A note from Sarah Ainsworth
Sarah here writing the newsletter this week.
Last month I went to see a stand-up comedy show, which has got me thinking about the art of comedic writing. Of course, performing on stage is quite different from writing a comedic story meant to be read, but for now I want to focus on the written word. What makes a story humorous? Does a story have to revolve around a single joke, or should it consist of many amusing moments?
One of my favorite comedic writers is Jack Handey, who wrote for the television show Saturday Night Live and frequently contributes to The New Yorker’s humor section. Often his writing is composed of very short lines (“Deep Thoughts,” as he calls them) that are so utterly ridiculous that you can’t help but laugh. Here’s one that I like: “Dad always thought laughter was the best medicine, which I guess is why several of us died of tuberculosis.”
Or another: “The face of a child can say it all, especially the mouth part of the face.” And one more: “Maybe in order to understand mankind, we have to look at the word itself. Basically, it’s made up of two separate words—‘mank’ and ‘ind.’ What do these words mean? It’s a mystery, and that’s why so is mankind.”
Handey’s approach is to turn an idea or phrase on its head and surprise the reader. His lines completely misinterpret an expression or idiom that the reader is likely familiar with. He is able to surprise the reader in just a few sentences, which may seem easy in such a short length, but those who participated in our short short fiction contest last year know that it is often more difficult than it sounds.
Can you incorporate Handey’s method in some of your own writing? How can you take a seemingly straightforward premise and turn it into something unexpected? What kind of twist in a story might make you or your reader laugh?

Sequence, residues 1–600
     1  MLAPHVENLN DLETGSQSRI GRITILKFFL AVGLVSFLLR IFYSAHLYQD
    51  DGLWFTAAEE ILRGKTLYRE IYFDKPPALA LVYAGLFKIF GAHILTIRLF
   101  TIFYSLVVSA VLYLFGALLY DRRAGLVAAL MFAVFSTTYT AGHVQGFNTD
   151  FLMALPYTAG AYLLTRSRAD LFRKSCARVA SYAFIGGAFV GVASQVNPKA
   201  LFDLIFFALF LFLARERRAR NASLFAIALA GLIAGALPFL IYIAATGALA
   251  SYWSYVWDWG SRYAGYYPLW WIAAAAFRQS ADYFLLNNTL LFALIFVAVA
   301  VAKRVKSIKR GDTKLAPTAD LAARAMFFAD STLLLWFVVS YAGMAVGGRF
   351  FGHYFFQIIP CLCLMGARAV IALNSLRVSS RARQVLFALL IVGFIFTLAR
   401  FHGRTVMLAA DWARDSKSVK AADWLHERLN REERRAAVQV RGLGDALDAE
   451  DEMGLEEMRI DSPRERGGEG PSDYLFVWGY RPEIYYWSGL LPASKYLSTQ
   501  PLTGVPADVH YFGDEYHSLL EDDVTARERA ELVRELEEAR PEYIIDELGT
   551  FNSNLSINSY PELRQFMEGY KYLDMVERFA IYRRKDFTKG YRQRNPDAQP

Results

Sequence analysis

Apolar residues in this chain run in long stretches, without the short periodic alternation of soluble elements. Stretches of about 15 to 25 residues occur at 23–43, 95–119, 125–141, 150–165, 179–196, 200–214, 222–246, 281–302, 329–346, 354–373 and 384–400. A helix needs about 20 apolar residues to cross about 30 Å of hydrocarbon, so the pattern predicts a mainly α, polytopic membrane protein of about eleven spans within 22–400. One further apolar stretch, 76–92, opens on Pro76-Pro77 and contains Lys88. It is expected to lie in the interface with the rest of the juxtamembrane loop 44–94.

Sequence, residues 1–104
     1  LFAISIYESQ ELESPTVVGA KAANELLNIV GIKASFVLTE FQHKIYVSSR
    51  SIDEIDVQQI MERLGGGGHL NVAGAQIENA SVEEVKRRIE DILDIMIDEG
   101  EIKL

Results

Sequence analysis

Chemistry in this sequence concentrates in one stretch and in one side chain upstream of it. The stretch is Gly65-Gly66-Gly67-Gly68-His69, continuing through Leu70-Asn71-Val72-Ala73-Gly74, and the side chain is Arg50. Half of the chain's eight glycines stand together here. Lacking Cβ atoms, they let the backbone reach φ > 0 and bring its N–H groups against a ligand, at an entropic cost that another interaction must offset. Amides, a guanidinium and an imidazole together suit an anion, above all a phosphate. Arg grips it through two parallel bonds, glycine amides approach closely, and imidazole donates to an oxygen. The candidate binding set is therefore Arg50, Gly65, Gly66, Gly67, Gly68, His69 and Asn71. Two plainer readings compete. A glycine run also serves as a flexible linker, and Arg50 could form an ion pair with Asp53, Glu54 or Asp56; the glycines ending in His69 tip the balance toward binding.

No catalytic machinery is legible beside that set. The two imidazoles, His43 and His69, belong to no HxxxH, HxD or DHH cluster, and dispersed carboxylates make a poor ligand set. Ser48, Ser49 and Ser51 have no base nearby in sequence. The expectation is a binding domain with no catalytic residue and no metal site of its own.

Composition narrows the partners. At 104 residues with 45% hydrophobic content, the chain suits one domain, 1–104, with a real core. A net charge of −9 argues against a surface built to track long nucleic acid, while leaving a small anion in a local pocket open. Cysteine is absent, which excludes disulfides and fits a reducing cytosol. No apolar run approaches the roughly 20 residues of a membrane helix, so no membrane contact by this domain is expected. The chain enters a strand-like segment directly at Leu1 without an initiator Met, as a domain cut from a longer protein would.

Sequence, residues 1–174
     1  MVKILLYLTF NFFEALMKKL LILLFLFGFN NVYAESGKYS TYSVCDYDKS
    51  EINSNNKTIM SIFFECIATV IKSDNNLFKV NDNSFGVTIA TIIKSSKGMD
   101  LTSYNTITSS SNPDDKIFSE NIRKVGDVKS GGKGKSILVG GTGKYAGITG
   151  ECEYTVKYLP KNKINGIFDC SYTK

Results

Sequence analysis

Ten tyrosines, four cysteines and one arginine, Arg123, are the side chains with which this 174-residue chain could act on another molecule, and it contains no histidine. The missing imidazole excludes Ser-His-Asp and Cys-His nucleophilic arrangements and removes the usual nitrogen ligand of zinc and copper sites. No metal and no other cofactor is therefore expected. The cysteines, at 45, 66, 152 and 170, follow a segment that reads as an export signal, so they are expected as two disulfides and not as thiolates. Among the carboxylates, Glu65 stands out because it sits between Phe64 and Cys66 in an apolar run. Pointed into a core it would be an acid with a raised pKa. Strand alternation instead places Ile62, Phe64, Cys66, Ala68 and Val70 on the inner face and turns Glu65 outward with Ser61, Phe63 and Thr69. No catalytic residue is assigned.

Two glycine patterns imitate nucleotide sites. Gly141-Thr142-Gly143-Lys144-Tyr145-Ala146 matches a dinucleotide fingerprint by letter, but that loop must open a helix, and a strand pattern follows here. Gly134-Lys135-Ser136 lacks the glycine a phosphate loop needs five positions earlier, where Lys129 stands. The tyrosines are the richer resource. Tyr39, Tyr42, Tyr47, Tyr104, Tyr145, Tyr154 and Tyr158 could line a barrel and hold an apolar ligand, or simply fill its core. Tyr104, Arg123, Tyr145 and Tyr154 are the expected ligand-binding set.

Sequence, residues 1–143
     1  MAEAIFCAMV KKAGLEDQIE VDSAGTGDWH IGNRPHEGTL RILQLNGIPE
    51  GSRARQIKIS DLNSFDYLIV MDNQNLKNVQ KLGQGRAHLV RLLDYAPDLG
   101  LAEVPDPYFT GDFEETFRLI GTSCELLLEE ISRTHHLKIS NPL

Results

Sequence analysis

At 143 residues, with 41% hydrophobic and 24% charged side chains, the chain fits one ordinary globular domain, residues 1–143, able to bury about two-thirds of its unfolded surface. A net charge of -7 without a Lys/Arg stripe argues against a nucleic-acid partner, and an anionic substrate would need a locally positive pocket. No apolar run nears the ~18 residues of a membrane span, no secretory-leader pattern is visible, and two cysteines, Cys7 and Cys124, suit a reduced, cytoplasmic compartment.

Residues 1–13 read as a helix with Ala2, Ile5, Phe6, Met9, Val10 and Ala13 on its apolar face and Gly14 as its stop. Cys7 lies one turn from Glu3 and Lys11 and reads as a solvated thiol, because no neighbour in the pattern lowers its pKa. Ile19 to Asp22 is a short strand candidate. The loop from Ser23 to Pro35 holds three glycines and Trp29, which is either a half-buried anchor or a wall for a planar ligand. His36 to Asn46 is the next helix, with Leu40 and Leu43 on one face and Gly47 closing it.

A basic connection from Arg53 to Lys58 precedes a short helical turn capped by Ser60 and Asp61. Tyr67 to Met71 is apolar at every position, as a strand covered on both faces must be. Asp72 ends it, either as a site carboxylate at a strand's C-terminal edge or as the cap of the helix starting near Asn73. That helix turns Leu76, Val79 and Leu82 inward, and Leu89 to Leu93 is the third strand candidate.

If you come up with something you like, please submit it!
Calling all critics!
We are planning to make our July/August issue a review issue! We’re especially in need of movie and TV show reviews, particularly well-known children’s movies like Mary Poppins, The Lion King, The Princess Bride, and Frozen—as well as film and TV adaptations of classic literary works, such as A Wrinkle in Time, Matilda, The Borrowers, Willy Wonka and the Chocolate Factory, and The Jungle Book.
If you would like to send us a book review, we are most excited to read about classics rather than newer titles, and are also seeking reviews of classic poems. We simply recommend that you check our site for any existing reviews before deciding on a piece, to avoid duplication.
To be considered for publication in the issue (and not on the blog), reviews—which should range from 400 to 700 words—must be received via the “Review” section of our Submittable site no later than April 20.
Please email email@example.com with any questions.
We’ve partnered with Adroit Journal, a literary magazine for teens. The applications for their Summer Mentorship program have just opened. This program pairs young writers in grades 9 through 12 with an experienced writer who helps them learn more about the creative process. We know this is for an audience older than ours, but if you know any teenagers who are aspiring writers, encourage them to apply!
Highlights from the past week online
Don’t miss the latest content from our Book Reviewers and Young Bloggers at Stonesoup.com.
On Monday, we published a heartfelt piece by contributor Sabrina Guo about her initial hesitations about writing and how she pushed through them to discover the power of words: